The actual cause of death is also somewhat of a mystery. A VUMC neurologist, Dr. Eli Zimmerman, testified that it was “in the realm of possibility” that Murphey’s death was caused entirely by her brain injury.
Details of the original grand jury proceedings were sealed, and VUMC settled with the family out of court for an undisclosed amount. Both parties signed a non-disclosure agreement.
There never was any hesitancy on DaRonda’s part at admitting her error, and she has expressed deep regret for Charelene’s death. In many ways this seems like an honest mistake that could have happened to anyone. The prosecution, on the contrary, painted DaRonda as a careless, reckless caregiver who was rightfully stripped of her nursing license and who deserved prison as punishment for her actions.
Janie Harvey Garner, the founder of Show Me Your Stethoscope, a Facebook nursing group with more than 600,000 members, states she “worries the conviction will have a chilling effect on nurses disclosing their own errors or near errors, which could have a detrimental effect on the quality of patient care.” The American Nurses Association issued a similar statement, warning that nurses will be tempted to cover up their mistakes and near-misses based on this court decision, and that patients will suffer for it.
Historically, it was not unusual to look for a person or persons to blame for these types of errors. In the more recent past, with an emphasis on preventing any future similar harms, a more system-centered approach to injury evaluation has been in widespread use. The point is not to punish a professional for an honest mistake, but to care effectively for all patients, present and future. Honesty on the part of the person(s) making the mistake has been encouraged, and blaming or scapegoating has not been a goal. The extreme verdict and likely sentence in this case may set medicine and nursing back years, and it may cause untold damage to patients.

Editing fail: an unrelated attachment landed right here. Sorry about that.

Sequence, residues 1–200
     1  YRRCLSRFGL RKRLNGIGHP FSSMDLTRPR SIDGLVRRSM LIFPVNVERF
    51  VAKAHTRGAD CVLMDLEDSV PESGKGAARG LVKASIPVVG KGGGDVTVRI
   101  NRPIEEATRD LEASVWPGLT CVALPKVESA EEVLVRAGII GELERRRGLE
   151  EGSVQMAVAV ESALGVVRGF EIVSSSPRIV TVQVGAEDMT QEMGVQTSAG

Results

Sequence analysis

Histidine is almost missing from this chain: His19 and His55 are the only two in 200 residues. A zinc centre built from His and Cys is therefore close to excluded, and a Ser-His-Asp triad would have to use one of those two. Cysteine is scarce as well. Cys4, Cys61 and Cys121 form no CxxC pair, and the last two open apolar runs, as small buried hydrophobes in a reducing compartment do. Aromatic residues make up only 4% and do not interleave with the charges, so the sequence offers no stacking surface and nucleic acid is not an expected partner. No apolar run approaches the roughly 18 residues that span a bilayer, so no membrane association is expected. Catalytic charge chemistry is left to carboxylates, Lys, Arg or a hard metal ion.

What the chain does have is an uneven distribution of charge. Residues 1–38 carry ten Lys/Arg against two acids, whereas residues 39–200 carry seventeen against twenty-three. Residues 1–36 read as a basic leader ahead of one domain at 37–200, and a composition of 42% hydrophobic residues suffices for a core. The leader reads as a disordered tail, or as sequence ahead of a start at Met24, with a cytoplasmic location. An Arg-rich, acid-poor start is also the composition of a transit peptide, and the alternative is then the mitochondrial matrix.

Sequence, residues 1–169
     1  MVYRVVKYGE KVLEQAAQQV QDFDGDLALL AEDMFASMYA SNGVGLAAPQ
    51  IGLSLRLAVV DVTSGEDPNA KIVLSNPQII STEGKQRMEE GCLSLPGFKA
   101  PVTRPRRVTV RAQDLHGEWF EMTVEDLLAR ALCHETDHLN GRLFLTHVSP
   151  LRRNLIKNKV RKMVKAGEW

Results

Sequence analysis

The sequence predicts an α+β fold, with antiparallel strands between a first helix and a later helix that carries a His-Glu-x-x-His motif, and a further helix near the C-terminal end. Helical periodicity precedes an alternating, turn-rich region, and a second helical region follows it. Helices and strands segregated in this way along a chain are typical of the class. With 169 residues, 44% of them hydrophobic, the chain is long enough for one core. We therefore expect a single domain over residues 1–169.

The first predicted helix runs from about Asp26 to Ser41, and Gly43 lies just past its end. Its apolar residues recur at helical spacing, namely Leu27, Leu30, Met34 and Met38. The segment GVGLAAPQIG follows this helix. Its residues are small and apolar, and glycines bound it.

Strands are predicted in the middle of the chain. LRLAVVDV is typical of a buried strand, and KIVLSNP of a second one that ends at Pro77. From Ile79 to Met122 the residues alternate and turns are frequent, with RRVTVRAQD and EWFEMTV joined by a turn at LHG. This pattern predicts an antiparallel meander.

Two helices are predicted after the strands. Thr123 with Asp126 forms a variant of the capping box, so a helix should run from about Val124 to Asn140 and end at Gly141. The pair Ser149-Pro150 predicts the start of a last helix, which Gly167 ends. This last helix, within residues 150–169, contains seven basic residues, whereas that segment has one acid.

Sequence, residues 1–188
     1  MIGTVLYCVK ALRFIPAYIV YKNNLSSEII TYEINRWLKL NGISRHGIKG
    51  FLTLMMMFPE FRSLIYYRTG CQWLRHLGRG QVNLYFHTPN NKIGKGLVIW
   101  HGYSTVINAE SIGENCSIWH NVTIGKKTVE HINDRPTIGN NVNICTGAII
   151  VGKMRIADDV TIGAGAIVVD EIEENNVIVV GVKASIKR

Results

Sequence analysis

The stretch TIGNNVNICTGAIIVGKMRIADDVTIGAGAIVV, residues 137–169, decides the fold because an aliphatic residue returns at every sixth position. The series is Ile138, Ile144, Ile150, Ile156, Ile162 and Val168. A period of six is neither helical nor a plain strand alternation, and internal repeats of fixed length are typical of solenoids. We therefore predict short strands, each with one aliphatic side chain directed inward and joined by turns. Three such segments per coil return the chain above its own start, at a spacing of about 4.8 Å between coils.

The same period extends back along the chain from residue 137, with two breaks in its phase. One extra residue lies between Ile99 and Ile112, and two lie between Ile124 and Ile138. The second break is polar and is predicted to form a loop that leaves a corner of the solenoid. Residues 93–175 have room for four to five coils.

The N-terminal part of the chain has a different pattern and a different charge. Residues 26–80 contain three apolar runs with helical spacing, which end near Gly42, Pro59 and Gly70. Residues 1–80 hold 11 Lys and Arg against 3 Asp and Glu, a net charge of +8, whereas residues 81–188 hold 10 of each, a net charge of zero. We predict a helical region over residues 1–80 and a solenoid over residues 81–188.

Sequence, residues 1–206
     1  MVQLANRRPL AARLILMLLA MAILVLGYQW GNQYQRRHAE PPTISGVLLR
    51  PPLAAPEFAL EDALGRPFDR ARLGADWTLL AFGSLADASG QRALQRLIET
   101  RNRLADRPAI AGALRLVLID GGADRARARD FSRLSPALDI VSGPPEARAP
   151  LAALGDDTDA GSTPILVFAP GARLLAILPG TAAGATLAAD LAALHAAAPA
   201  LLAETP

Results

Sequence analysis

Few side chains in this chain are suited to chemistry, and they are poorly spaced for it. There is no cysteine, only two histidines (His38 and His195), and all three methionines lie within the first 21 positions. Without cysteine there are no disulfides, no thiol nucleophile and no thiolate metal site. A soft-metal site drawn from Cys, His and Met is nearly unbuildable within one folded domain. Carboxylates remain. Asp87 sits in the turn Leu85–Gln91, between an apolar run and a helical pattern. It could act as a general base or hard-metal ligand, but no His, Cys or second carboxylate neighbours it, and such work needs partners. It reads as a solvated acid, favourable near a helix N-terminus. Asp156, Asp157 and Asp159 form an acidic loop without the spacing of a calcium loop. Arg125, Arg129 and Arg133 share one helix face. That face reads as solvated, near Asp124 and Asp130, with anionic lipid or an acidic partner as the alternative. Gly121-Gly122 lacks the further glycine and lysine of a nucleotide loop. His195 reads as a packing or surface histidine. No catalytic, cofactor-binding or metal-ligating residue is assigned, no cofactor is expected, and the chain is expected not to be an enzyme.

The evident lack of support for RaDonda from VUMC is disturbing. If this occurred as it has been portrayed, it represents classic utilitarian thinking. If VUMC had stepped up and accepted their share of the blame and supported their nurse more effectively, it is possible they would have been punished by the federal government or quality certifying groups and lost some financial support as a system, and thus conceivably been less able to provide care for many other needy patients. We may never know the true details of VUMC’s decision-making, but at least on the surface it looks like, as Caiaphas stated in John 11:50, “You do not realize that it is better for you that one man die for the people than that the whole nation perish” (NIV).
The Achilles heel of utilitarian decision-making is that it is impossible to predict what will provide the greatest happiness for the greatest number of persons. As is true of many utilitarian decisions, the full implications of the decision to sacrifice the good of a person or persons for the good of the system is unclear and may prove much more costly than anticipated. But then, with our limited knowledge of what actually transpired, we don’t know what happened, nor do we know what may become of the decision.